- By Native News Online Staff
JACKSON, Miss. — Chief Cyrus Ben of the Mississippi Band of Choctaw Indians will be part of a nine-member flag commission that will determine the design of a new state flag that does not contain the Confederate battle emblem.
In late June, the Mississippi state legislature passed legislation to retire the state flag because of its Confederacy emblem. Mississippi was the last state in the United States to still contain the divisive emblem. The momentum to retire what many call a symbol of racism intensified after the death of George Floyd, who was killed by Minneapolis police on Memorial Day. The bill was signed into law by Mississippi Gov. Tate Reeves.
On Friday, Reeves appointed Chief Ben, who is currently serving his first term, to the Mississippi Flag Commission. Ben is the only American Indian on the nine-member commission. Friday’s announcement only included the names of three commission members that represent Mississippi’s Department of Archives and History, Economic Council and Arts Commission. Ben will represent the Economic Council on the commission.
"I am grateful to represent the first people of the state of Mississippi on the recently formed Mississippi Flag Commission, and I thank Governor Tate Reeves and the Mississippi Economic Council for the opportunity to serve. I look forward to working with the Commission to honor our history and represent our state proudly on behalf of the Mississippi Band of Choctaw Indians,” Chief Ben said.
According to a press release from the Mississippi’s Governor’s Office, “Chief Ben is guided in his leadership and service to the Choctaw people by five key initiatives: respect of others, fairness and equality to all, accountability in all areas, efficiency in practices in addition to the support and appreciation of all employees and tribal members.”
The Flag Commission is charged with designing a new flag that cannot include any reference to the Confederacy and must contain the words “In God We Trust” on it. A design rendering must be done in time for Mississippi citizens to vote on it during the 2020 general election on Nov. 3, 2020.
Ben is the fifth elected chief of the Mississippi Band of Choctaw Indians. He was sworn in as chief on July 9, 2019. At 41, he was the youngest chief ever elected to office for Mississippi’s only federally recognized tribe.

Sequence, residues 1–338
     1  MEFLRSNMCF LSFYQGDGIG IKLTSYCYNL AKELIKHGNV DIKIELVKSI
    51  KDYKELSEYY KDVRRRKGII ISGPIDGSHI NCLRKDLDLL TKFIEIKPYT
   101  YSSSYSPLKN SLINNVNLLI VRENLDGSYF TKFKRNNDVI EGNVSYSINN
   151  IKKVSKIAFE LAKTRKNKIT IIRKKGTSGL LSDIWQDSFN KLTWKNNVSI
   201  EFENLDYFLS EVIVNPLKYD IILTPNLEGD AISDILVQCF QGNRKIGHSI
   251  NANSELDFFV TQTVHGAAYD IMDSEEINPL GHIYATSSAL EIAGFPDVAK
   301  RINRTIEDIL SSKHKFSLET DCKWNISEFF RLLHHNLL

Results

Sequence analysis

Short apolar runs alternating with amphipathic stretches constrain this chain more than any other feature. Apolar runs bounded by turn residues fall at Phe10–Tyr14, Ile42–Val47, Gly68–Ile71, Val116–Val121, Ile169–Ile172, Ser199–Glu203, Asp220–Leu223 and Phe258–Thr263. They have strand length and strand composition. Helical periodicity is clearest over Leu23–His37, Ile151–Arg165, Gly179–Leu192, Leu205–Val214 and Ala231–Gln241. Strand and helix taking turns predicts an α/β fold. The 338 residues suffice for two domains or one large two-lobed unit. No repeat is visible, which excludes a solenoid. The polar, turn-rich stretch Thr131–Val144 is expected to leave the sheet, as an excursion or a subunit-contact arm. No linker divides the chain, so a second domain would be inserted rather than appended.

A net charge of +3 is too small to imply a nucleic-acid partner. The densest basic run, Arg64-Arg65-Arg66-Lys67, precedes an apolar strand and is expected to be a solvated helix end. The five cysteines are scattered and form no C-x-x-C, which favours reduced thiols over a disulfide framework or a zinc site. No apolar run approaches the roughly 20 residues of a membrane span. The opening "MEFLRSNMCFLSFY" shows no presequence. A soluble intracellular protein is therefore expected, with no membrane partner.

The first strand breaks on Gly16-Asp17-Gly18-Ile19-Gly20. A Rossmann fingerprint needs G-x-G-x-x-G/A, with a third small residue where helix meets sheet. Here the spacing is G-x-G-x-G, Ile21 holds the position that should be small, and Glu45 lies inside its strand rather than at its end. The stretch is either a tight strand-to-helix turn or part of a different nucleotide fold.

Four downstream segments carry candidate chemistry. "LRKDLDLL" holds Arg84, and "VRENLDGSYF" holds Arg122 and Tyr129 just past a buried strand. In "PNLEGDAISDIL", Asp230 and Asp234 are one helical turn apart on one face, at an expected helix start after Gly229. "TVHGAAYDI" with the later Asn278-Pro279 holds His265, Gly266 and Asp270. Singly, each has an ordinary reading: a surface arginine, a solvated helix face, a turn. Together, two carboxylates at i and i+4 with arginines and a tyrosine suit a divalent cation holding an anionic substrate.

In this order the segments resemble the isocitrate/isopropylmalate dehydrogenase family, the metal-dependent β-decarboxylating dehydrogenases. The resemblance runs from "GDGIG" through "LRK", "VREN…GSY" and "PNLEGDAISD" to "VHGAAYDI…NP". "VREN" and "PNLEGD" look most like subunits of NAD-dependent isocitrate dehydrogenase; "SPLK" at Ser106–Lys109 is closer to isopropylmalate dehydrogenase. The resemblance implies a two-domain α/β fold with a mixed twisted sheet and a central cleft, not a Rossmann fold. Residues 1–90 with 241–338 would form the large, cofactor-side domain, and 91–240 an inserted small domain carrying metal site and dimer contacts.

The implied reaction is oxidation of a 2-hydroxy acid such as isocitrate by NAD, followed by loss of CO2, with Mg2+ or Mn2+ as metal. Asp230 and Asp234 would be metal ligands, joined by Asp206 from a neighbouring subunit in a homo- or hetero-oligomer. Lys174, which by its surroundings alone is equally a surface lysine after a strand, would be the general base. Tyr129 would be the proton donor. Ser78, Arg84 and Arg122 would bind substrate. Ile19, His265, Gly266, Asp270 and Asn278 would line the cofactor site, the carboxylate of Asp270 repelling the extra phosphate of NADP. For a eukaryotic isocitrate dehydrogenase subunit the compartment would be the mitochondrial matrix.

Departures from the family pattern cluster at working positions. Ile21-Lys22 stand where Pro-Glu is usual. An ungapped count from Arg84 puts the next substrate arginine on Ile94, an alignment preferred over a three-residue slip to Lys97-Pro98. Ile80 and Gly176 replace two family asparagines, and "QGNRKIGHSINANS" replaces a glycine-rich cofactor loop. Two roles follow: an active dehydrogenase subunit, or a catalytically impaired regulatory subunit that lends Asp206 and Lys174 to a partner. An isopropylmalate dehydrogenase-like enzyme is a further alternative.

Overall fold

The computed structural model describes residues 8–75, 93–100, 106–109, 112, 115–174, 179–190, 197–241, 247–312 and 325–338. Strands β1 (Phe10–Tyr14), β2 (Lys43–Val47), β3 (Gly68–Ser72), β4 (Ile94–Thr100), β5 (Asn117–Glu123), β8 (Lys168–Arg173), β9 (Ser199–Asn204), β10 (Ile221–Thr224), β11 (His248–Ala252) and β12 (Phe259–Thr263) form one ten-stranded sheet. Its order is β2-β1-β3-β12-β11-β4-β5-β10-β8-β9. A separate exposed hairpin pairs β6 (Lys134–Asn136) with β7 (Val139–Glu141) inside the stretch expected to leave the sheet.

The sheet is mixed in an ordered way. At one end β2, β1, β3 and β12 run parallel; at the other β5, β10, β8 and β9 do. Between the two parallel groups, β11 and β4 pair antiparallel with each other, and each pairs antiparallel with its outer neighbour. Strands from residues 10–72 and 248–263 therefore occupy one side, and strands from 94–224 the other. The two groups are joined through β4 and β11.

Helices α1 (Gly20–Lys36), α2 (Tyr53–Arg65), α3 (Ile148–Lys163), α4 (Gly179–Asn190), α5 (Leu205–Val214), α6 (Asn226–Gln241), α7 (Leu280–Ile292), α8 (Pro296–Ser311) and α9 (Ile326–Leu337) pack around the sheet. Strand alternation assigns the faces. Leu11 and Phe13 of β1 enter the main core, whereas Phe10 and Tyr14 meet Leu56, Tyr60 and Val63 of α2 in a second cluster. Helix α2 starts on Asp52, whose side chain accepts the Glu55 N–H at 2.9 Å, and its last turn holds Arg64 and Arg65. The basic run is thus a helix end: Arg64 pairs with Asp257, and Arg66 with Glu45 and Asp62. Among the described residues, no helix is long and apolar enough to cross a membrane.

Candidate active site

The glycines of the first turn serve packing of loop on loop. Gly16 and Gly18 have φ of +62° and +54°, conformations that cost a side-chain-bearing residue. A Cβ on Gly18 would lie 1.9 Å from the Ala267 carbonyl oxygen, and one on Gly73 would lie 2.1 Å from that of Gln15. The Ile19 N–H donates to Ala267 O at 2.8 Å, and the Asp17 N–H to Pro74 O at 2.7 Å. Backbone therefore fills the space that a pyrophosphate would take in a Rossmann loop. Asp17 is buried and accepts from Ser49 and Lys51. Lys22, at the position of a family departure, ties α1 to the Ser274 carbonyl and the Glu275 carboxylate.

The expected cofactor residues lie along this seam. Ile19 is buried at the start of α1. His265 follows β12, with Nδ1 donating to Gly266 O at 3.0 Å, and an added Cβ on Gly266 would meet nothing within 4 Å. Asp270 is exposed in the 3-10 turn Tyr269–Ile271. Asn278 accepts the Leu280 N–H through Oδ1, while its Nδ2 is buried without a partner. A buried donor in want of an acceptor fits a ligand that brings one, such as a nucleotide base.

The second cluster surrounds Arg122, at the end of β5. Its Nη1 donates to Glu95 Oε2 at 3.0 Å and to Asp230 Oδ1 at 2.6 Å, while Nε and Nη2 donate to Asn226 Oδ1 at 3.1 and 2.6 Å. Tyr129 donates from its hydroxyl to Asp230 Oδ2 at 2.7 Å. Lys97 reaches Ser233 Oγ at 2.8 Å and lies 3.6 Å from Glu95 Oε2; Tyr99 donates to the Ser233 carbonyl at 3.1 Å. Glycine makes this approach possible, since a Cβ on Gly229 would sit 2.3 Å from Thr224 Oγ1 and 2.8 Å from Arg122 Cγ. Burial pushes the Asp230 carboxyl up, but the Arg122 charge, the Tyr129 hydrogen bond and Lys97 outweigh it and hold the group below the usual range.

The Mississippi Band of Choctaw Indians have more than 11,000 tribal citizens. The tribal lands encompass about 35,000 acres in ten different counties and the tribe is one of the largest employers in the state, with more than 5,000 permanent and full-time jobs.
More Stories Like ThisNative News Weekly (January 29, 2023): D.C. Briefs
7-Year-Old Boy Dies from Dog Attack on Fort Hall Reservation
Navajo Nation Elects Its First Female Speaker
WATCH: Indigenous Chef Crystal Wahpepah on Native Bidaske
Indigenous Food Chef Crystal Wahpepah on This Week's Native Bidaské
Do you appreciate a Native perspective on the news?
For the past decade-plus, we’ve covered the important Indigenous stories that are often overlooked by other media. From the protests at Standing Rock and the toppling of colonizer statues during the racial equity protests, to the ongoing epidemic of Murdered and Missing Indigenous Women (MMIW), the attacks on tribal sovereignty at the Supreme Court and the past-due reckoning related to assimilation, cultural genocide and Indian Boarding Schools, we have been there to provide a Native perspective and elevate Native voices.
Our news is free for everyone to read, but it is not free to produce. That’s why we’re asking you to make a donation this month to help support our efforts. Any contribution — big or small — helps us remain a force for change in Indian Country and continue telling the stories that are so often ignored, erased or overlooked. Please consider a recurring monthly donation of $5 or $10 to help fund us throughout the year. Whatever you can do, it helps fund our Indigenous-led newsroom and our ability to cover Native news.
Donate to Native News Online today and support independent Indigenous journalism. Thank you.